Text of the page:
Years later, while digging into genealogy, I learned that my paternal grandparents–the generation that emigrated to Boston–received only a few years of schooling. Some of my great- and great-great grandparents had no education and used X to sign their names.

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This didn’t surprise me.  My family lived in western Ireland, the area hardest hit by potato famine. Somehow they suffered through severe poverty, cold, starvation, and disease.  Their lives were about survival, not adult and child literacy.  X spoke volumes to me.

My story is not unique. Most immigrants share a similar tale of escaping poverty and disease in search of a better life and education for their family.  Look back a few generations in your ancestry and you’ll discover where your X is.

 

William Shakespeare for Parents

I bet you’ve never thought of looking to William Shakespeare for parenting help, but I have.VG.Onions-and-drawing-table-1889

When one of my daughters was a teenager, she fell in love with Shakespearean sonnets. Sonnet 116 was one of her favorites:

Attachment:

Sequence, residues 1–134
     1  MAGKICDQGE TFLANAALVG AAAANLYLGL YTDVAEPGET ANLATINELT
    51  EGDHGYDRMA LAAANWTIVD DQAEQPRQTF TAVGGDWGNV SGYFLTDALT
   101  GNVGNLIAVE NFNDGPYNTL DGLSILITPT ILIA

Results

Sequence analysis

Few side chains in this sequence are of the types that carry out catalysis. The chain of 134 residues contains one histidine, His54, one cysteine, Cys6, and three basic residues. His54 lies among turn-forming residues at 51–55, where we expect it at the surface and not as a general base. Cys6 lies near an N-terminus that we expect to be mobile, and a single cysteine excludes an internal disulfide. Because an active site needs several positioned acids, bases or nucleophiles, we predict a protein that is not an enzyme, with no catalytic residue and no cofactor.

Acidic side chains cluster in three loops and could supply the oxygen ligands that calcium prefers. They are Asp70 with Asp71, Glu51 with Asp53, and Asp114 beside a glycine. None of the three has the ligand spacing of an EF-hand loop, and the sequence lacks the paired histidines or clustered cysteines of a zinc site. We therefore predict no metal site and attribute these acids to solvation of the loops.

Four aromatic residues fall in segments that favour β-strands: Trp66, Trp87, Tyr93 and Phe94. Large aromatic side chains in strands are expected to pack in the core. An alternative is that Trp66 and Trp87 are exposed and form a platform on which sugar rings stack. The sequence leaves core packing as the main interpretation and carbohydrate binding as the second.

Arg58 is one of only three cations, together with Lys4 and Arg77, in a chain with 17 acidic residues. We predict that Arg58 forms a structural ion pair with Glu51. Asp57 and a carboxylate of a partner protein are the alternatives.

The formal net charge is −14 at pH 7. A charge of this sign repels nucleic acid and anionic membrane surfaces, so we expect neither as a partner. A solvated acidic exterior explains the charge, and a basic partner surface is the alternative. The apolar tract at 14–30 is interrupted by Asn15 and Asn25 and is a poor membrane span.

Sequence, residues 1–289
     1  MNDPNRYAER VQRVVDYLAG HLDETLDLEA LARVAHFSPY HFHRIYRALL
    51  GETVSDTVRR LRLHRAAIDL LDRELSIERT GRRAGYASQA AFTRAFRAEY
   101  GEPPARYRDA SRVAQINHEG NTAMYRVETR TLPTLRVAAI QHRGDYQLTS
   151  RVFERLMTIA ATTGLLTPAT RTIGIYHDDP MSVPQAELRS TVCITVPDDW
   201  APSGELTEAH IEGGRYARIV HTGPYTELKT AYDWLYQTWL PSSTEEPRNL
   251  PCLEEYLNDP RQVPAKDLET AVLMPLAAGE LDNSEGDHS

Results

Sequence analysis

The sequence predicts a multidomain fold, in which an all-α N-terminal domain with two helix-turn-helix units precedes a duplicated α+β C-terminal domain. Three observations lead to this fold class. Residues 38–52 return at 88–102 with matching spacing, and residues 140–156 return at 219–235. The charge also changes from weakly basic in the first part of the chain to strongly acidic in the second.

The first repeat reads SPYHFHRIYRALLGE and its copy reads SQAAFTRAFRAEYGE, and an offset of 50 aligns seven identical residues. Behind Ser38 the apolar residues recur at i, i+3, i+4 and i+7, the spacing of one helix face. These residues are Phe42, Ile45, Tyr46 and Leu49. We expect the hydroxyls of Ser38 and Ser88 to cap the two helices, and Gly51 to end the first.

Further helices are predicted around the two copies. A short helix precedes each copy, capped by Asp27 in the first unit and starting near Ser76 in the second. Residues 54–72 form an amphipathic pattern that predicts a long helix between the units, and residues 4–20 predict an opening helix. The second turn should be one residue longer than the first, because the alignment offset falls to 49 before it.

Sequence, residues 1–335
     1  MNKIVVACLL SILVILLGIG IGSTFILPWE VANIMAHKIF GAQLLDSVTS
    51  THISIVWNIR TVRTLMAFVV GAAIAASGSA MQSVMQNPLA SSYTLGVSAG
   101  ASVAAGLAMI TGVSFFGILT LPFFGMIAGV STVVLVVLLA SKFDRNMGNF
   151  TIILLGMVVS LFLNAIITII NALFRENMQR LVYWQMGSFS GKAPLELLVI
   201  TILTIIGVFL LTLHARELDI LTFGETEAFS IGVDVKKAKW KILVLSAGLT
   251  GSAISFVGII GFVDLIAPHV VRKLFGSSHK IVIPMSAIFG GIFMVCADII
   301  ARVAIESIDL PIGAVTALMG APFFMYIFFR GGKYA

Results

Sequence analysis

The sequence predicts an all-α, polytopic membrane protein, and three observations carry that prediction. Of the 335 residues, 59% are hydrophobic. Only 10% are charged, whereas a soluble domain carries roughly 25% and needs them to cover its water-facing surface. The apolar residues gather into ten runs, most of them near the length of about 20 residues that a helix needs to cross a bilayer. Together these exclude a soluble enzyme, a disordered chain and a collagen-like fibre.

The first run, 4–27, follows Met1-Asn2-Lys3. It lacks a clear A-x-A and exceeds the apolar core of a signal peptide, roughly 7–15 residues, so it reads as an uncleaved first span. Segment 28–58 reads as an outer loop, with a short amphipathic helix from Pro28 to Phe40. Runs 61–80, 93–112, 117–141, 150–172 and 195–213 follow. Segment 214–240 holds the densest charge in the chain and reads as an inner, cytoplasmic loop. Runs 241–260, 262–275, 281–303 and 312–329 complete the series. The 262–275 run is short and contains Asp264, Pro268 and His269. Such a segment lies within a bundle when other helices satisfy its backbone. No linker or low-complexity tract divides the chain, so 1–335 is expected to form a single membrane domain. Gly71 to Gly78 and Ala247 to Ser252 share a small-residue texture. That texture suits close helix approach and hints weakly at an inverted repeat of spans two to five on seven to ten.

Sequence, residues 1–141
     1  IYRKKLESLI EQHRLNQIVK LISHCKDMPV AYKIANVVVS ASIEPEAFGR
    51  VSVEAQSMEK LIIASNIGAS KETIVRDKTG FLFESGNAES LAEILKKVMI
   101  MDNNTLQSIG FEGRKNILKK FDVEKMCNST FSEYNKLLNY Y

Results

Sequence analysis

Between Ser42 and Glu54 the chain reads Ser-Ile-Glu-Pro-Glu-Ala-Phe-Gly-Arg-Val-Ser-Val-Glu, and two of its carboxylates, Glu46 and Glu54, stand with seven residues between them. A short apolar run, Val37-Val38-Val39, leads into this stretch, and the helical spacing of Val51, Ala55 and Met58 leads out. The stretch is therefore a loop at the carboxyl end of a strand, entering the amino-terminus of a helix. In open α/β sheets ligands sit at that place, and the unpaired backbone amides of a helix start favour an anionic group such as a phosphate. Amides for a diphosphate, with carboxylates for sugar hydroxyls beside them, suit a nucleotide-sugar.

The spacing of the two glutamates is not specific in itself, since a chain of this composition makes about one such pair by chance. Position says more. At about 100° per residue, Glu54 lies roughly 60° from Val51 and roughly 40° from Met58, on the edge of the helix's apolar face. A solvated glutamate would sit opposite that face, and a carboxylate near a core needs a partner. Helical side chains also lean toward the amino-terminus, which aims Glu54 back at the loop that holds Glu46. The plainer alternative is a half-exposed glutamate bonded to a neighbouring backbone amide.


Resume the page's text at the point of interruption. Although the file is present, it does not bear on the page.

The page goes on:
Let me not to the marriage of true minds
Admit impediments. Love is not love
Which alters when it alteration finds,
Or bends with the remover to remove.
O no! it is an ever-fixed mark
That looks on tempests and is never shaken;
It is the star to every wand’ring bark,
Whose worth’s unknown, although his height be taken.
Love’s not Time’s fool, though rosy lips and cheeks
Within his bending sickle’s compass come;
Love alters not with his brief hours and weeks,
But bears it out even to the edge of doom.
If this be error and upon me prov’d,
I never writ, nor no man ever lov’d.
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Inside this sonnet, on line five, I found words that I clung to when the going got tough:
Love…is an ever-fixed mark
That looks on tempests and is never shaken;
Those are true, supportive words we parents need to whisper to ourselves when we are overwhelmed and don’t know if we can handle one more conflict. They are also words that every teenager must hear from us, repeatedly.
No matter how we argue, fight, or disagree, I will love you no matter what.